I should like to ask whether it is proposed to take over from the company its administrative duties, which are carried on at a loss, while all the company's trading rights are to be continued to it. Are the Government acting in the interests of Liverpool and Manchester? The Chambers of Commerce of those cities asked that this monopolist company should be bought out altogether in order that there might be free trade and competition in the region of the Niger. But according to the proposal before us you are only going to buy up what has been a source of loss to the company, and the company is to continue as a trading concern with all its huge monopolies. I suppose the company was well aware that something of this kind was going to take place, and it has been doing all it possibly can to secure its own position as a trading concern after it has given up to you what is to it a source of loss, and it will still be able to exercise a practical monopoly. Is it not a fact that the company has been buying sites where trading stations could be placed, and has been putting pressure on the chiefs to obtain valuable rights for a mere song? You are taking over all responsibility, and you are asking Parliament to approve of that course without giving us any Papers on the subject. I think it is ridiculous, under those circumstances, to ask us to pass this resolution without any information having been given to us. If this stage is necessary, we ought to have full particulars before we pass from it. This scheme was, I believe, originally promoted by an astute Glasgow man, who secured a promise from the late Government—this Government is not responsible—to buy up at a great price what is now a source of loss to the company. Before the Government ask us to pass this Vote they ought to tell us whether these are the actual facts or not. When the matter was mentioned it was thought that the Government were buying up the whole concern, just as the British East African Company was bought up. We ought to have been supplied with a list of the shareholders of the company, in order that we may know with whom we are dealing. Every ordinary company is required to send a list of its shareholders to Somerset House, but a chartered company is not required to give that information. That and other information ought to be given to us before we proceed any further with this proposal.


The statement of the hon. Gentleman is not a fact. What we propose is to take over the rights of the company in such a way that there must be free trade on the Niger, and there can be no monopoly in future.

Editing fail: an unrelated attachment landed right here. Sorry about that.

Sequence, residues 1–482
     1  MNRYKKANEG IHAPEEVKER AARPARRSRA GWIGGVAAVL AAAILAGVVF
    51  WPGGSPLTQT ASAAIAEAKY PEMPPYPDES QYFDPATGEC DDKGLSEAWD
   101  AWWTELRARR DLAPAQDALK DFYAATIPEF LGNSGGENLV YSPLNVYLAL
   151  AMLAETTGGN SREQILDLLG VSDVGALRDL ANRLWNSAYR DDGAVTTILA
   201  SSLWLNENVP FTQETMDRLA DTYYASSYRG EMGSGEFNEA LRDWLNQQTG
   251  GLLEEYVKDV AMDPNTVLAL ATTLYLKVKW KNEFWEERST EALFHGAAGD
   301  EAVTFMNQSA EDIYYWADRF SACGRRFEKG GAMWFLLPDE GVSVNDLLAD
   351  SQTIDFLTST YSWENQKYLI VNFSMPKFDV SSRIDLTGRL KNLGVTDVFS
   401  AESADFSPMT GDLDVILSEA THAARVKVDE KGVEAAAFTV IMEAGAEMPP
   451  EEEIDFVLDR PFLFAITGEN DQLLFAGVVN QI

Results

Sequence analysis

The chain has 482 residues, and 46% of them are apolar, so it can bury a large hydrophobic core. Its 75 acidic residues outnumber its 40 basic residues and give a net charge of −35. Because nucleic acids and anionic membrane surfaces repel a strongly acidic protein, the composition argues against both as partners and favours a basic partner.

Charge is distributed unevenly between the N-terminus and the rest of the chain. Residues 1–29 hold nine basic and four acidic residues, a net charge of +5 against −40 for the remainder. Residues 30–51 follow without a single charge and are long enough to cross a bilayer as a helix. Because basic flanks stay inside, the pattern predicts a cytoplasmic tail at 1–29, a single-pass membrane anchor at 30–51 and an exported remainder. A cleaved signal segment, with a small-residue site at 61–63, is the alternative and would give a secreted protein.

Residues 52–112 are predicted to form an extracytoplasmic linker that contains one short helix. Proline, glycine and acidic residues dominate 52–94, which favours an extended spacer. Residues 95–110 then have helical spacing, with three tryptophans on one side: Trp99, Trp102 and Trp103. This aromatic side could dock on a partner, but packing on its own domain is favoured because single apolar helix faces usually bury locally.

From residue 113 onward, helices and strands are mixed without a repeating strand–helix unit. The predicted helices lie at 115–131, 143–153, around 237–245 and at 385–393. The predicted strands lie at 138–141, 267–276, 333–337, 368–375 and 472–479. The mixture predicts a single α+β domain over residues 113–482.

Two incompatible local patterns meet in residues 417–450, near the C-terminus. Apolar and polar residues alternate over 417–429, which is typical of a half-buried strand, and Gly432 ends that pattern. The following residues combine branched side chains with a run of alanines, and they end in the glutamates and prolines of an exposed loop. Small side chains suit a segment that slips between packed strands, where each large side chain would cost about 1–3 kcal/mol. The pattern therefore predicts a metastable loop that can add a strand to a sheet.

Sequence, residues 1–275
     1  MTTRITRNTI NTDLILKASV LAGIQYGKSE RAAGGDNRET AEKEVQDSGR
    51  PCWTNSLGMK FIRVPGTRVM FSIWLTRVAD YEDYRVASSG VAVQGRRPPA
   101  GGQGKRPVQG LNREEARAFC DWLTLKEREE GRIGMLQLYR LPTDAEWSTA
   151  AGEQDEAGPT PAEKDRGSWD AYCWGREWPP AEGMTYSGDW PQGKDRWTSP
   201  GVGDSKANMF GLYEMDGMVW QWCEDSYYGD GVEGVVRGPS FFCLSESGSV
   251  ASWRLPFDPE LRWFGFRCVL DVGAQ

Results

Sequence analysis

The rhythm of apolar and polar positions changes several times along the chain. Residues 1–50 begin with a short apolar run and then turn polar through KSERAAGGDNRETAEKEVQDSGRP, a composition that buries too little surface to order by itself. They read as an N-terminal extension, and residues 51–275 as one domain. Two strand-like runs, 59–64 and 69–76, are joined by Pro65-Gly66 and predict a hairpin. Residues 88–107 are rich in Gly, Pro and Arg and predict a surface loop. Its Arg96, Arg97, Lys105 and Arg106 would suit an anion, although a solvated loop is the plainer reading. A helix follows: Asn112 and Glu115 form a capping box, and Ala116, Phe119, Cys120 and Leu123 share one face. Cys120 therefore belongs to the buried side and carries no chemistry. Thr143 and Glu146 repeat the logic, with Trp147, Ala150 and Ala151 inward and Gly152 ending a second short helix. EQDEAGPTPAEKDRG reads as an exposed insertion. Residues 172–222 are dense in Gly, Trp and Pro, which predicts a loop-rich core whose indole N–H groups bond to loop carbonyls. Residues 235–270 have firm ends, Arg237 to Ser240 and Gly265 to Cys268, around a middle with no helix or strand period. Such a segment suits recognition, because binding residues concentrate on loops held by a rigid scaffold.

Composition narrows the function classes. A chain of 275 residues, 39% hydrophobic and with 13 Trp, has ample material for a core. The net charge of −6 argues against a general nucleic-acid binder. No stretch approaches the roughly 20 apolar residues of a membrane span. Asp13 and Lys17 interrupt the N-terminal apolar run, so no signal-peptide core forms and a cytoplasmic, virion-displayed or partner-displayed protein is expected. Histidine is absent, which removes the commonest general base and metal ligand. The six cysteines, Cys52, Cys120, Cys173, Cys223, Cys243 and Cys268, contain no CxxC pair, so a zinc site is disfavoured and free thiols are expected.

Is it not a fact that the company has had no legal monopoly for ten years?


It has been alleged that the Company has had a practical monopoly in recent years, but it cannot have that monopoly in future. As to the land rights, I explained to the Committee that the land rights we propose to purchase are the very land rights alluded to by the hon. Gentleman. Therefore any trade which the Government of the Niger Protectorate desire to attract to the neighbourhood will have no difficulty in settling there.


In the course of this Debate a principle of the most extraordinary character has been laid down, and has apparently been accepted by some hon. Gentlemen on this side of the House. It is, however, a principle which I venture to contend is absolutely unsatisfactory, viz., that this motion does not in any way bind the House to the amount of motley it is proposed to take, and that it is nothing more than a formal motion. If that be so it would make no difference what the Chancellor of the Exchequer asked for, and he might have asked without question for £10,000,000 instead of £800,000. When put in that light can anyone understand that it does not matter what amount of money is asked for in the Resolution? Of course, such a contention is absurd. If the Committee passes the motion it will substantially accept the estimate in the Resolution. I do not mean that the House will be subsequently debarred from cutting down the amount on some small detail, but I hold that this is the stage when substantially the amount of the burden to be placed on the taxpayers has to be decided, and we are entitled to discuss before the Resolution is passed the general principles on which this sum has been arrived at. This sum appears to be based on a general Calculation made without anything like sufficient information, and we should have the detailed calculation on which the items are based before we are substantially committed to the principle. On the question of land, it is quite true, as the Chancellor of the Exchequer has stated, that certain valuable lands on the Niger River are to be taken over by the Government, but we have no details. We do not know that the company might not have retained all the valuable sites it desired, and handed over to the Government all which it did not value, but for which it is now to obtain £100,000. I think we are entitled to know how many cases of gin were given for these lands: it is probable that they were all bought for forty or fifty cases of the poison which is imported into the district. I really do say we are entitled to have some information as to the nature of the bargain, and the price to be given for the lands to be obtained. We are called upon to purchase the losing part of a concern, leaving to the company all its rights to carry on the business which has been a source of profit to it. The taxpayers are called upon to pay over £500,000, which is sufficient to give a bonus of 100 per cent. to every shareholder in the company, and then the company will continue its trading and pay 6 per cent. dividend. That is the transaction so far as I could understand it from the speech of the Chancellor of the Exchequer, and if that be a fair statement, it appears on the face of it, to use plain language, to be a most monstrous job. Under the circumstances we are not unreasonable in asking for further information.